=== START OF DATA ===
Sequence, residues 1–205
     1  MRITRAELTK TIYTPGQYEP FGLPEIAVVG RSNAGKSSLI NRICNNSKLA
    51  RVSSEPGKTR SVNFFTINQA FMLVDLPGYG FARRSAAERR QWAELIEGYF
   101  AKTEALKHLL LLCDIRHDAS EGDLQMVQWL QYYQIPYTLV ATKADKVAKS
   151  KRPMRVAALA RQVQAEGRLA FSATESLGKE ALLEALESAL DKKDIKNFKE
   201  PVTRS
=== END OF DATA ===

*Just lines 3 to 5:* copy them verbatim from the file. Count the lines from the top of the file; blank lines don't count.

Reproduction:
    51  RVSSEPGKTR SVNFFTINQA FMLVDLPGYG FARRSAAERR QWAELIEGYF
   101  AKTEALKHLL LLCDIRHDAS EGDLQMVQWL QYYQIPYTLV ATKADKVAKS
   151  KRPMRVAALA RQVQAEGRLA FSATESLGKE ALLEALESAL DKKDIKNFKE